Please use this identifier to cite or link to this item: doi:10.22028/D291-32447
Title: Molecular epidemiology and antimicrobial resistance of Clostridioides difficile detected in chicken, soil and human samples from Zimbabwe
Author(s): Berger, Fabian K.
Mellmann, Alexander
Bischoff, Markus
von Müller, Lutz
Becker, Sören L.
Simango, Clifford
Gärtner, Barbara
Language: English
Title: International Journal of Infectious Diseases
Volume: 96
Startpage: 82
Endpage: 87
Publisher/Platform: Elsevier
Year of Publication: 2020
Free key words: Epidemiology
Southern Africa
DDC notations: 610 Medicine and health
Publikation type: Journal Article
Abstract: Background: Clostridioides difficile is the major cause of infectious nosocomial diarrhoea in industrialized nations. Data on the occurrence of C. difficile in Africa, ribotype (RT) distribution, antimicrobial susceptibility patterns and potential zoonotic transmission are scarce. Methods: 80 Zimbabwean C. difficile isolates from different sources (chicken [n = 30], soil [n = 21] and humans [n = 29]) were investigated using ribotyping, toxin gene detection, resistance testing, multiple-locus variable-number tandem repeat analysis (MLVA), and whole genome sequencing (WGS). Results: Among chicken isolates, the most common RTs were RT103 (6/30), RT025 (5/30) and RT070 (4/30). Within soil samples, RT025 and RT056 were most common (3/21 each). In contrast, the non-toxigenic RT084 was most frequently found in human isolates (4/29). Toxin genes were detected in only 19/29 human isolates. Susceptibility testing showed no resistance against metronidazole and vancomycin, and resistance against macrolides and rifampicin was scarce (3/80 and 2/80, respectively); however, 26/80 isolates showed moxifloxacin resistance. MLVA and WGS of strains with identical RTs stemming from different sources revealed clustering of RT025 and RT084 isolates from human und non-human samples. Conclusion: No "hypervirulent” strains were found. The detected clusters between human, chicken and soil isolates indicate ongoing transmission between humans and environmental sources and might point towards a zoonotic potential.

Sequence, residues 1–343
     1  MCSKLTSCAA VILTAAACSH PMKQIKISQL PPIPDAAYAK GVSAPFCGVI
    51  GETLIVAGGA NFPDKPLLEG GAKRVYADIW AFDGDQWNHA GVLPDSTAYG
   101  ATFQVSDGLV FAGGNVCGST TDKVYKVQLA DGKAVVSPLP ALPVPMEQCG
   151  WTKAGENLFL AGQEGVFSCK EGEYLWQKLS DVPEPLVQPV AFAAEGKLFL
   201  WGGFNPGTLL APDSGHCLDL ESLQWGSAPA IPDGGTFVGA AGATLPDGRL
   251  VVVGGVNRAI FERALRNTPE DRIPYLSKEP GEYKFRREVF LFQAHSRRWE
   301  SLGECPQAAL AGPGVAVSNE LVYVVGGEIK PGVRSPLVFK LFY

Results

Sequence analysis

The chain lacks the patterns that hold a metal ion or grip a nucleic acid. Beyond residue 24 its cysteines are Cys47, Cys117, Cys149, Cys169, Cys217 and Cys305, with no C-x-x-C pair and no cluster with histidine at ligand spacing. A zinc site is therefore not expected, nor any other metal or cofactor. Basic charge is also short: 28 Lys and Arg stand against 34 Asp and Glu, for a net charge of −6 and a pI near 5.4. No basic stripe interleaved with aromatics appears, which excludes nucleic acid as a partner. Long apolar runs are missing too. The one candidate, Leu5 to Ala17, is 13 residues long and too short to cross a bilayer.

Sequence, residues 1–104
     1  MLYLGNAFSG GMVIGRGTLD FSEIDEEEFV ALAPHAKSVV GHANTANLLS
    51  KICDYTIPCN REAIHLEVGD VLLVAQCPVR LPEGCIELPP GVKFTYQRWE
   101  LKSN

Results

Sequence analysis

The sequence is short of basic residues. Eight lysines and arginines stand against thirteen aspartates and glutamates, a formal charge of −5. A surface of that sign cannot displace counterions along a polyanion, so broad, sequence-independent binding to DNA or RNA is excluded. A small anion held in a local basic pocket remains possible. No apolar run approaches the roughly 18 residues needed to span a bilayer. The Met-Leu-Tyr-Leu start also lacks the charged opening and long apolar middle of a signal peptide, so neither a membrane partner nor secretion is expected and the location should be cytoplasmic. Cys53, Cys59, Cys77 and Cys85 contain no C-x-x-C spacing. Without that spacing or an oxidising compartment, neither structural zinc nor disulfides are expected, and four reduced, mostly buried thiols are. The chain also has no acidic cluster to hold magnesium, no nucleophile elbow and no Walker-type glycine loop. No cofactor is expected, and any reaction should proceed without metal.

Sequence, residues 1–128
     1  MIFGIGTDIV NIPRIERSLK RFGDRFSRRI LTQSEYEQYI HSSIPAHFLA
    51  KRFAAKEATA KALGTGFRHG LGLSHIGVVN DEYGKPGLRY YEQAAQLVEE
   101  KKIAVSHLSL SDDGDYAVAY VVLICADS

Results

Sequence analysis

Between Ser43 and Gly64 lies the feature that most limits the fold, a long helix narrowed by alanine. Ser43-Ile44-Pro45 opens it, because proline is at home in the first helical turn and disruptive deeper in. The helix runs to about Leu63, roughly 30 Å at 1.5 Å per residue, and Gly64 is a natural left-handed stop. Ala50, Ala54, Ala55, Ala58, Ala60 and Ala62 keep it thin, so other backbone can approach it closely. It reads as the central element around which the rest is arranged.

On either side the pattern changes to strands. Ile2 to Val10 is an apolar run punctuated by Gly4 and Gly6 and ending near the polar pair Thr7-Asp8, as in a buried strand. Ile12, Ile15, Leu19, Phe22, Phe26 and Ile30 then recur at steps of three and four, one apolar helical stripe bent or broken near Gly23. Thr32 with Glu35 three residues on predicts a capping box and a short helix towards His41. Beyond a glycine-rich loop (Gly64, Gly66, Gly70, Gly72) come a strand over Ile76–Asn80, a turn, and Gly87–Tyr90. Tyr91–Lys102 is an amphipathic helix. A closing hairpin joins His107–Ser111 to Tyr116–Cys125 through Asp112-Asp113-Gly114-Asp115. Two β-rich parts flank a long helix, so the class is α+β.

DOI of the first publication: 10.1016/j.ijid.2020.04.026
Link to this record: urn:nbn:de:bsz:291--ds-324478
ISSN: 1878-3511
Date of registration: 5-Oct-2020
Description of the related object: Appendix A. Supplementary data
Related object:
Faculty: M - Medizinische Fakultät
Department: M - Infektionsmedizin
Professorship: M - Prof. Dr. Dr. Sören Becker
Collections:SciDok - Der Wissenschaftsserver der Universität des Saarlandes

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